As a design professional and freelancer, part of the struggle in today’s world is in turning away business.
Yes, turning away business, because too often, a prospective client is not ready for a designer (yet).
The first thing you need to have ready when contacting a designer? Money. The last thing any competent professional wants to hear from you, whether you are a non-profit, have a fantastic, heart-wrenching story, or that you’re a start-up with a whizz-bang idea that’s going to change the world is this: Can you do this for a discount?
While passionate about my job, I can’t eat passion. I can’t keep the lights on with it. I can’t continue to chip away at my student loans with “passion.” I, like everyone, need money, and before you decide to come to me to ask for a logo, a flyer, tee-shirt designs, yard signs for your campaign, etc. you could very easily go to a discount stock graphics site, or type something up in Microsoft Word for free that communicates what you need, have it printed, and move on with your day.
If you want a professional to design for you, please have professional money budgeted for your project. If I’m compelled by your story to give you a break on price, that should be up to me, not because you expected it of me.
Second, if you are designing an ad, know this – people do not like to read. Most of the folks who clicked on this probably got as far as the third paragraph, saved this for later, and then they’ll never go back to it.
If you want people to be interested in what you are offering, MERCILESSLY edit yourself, and then go back and edit it again.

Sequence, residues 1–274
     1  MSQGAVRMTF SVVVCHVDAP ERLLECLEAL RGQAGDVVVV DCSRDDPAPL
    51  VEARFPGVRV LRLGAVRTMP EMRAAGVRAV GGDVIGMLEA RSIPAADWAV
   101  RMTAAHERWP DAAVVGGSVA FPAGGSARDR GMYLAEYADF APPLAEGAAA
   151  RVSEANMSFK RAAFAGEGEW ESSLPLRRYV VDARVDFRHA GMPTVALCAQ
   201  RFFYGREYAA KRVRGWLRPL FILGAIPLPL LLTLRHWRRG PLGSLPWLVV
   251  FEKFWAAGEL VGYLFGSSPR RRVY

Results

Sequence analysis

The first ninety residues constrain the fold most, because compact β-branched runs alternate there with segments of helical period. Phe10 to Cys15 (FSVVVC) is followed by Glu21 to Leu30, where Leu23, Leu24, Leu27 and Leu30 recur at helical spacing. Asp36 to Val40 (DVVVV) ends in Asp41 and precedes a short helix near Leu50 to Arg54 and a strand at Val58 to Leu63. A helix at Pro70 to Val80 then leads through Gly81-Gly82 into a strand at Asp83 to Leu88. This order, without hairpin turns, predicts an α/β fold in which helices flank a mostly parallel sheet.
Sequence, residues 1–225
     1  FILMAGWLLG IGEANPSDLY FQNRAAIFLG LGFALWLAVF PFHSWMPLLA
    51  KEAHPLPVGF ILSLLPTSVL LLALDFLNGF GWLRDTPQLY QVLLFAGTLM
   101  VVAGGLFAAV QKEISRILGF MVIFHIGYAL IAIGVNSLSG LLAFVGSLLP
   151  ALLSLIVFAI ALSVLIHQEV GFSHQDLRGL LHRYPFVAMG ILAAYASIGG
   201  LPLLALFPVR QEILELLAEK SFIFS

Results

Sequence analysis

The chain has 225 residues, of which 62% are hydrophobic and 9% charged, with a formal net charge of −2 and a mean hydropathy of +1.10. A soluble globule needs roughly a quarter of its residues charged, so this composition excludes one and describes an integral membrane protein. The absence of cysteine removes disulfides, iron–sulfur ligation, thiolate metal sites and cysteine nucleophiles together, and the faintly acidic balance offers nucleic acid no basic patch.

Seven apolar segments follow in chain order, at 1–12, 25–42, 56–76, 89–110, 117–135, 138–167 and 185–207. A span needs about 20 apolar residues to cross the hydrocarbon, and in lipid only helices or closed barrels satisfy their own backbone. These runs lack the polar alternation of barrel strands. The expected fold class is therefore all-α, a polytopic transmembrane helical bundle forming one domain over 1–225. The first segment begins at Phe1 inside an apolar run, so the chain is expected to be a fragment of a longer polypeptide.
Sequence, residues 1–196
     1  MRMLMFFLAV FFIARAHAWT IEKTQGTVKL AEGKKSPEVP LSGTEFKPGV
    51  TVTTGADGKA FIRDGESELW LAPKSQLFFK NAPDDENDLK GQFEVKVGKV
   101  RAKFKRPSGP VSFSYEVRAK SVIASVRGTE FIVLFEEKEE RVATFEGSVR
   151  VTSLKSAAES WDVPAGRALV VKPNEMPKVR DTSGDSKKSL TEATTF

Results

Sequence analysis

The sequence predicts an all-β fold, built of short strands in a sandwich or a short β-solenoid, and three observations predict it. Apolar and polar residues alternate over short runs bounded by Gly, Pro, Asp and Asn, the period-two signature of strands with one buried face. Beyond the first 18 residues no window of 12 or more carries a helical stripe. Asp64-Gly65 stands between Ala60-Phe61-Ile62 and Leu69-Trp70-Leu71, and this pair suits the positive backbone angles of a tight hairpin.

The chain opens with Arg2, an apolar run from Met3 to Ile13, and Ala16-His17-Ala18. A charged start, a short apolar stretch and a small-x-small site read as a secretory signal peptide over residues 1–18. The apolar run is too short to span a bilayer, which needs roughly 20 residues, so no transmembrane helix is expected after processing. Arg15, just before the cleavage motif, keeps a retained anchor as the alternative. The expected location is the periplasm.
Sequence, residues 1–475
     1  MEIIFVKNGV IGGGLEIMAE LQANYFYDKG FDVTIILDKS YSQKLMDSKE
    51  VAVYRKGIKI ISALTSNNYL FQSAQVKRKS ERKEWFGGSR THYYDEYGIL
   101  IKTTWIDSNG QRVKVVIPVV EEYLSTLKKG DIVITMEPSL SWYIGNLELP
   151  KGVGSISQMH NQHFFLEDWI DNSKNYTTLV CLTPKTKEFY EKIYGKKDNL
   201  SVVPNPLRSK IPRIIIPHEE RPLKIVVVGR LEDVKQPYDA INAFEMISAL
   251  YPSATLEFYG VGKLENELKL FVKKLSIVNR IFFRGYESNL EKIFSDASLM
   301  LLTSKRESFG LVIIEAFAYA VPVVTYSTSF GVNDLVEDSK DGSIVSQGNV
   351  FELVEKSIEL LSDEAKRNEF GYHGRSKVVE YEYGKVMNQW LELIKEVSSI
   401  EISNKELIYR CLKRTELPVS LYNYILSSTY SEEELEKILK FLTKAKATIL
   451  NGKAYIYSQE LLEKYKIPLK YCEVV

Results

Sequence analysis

The most effective ads out there are 10 to 15 words of text maximum, accompanied by a compelling image. Next time you are flipping through a magazine or you notice an ad in social media, take note of how long you pause on a cool ad, and how quickly you flip past a confronting wall of text (kind of how this note is?)
Third; proofread. If possible, have two other people look at your content and run a spell and grammar check on it before you send it out. If possible, make sure its a diverse group of people who look at it, because in our current age, you might be sending something out that is offensive based on race, class, sexism, or another culture that you may not be familiar with.
Finally, be VERY careful with humor and know your audience. Too often, people think they are being ironic, or risque, or “not PC” in an attempt at humor.
Your intent is not and never will be important – what is important is how it lands; specifically, people may never remember your name, or the details of what you produce but they will always remember how you made them feel, and if you’ve offended them, regardless of intention, they shut down, and your message does not get through.
A creative professional will appreciate it when you come to them prepared, with a clear idea of what you need, money to pay for the execution of it, and, of course, ample time to produce what you need. Design isn’t an afterthought. It isn’t “making something pretty.” Design in many cases is as important as function. Bad design wastes people’s time. Bad design makes things hard to read. Bad design means your product stays on the shelf, where the better designed one goes home with the customer. Participate in the process, be prepared, and then trust your designer to produce and you’ll come away with communication, ads, graphics, a logo that will clearly represent you and what you wish to communicate.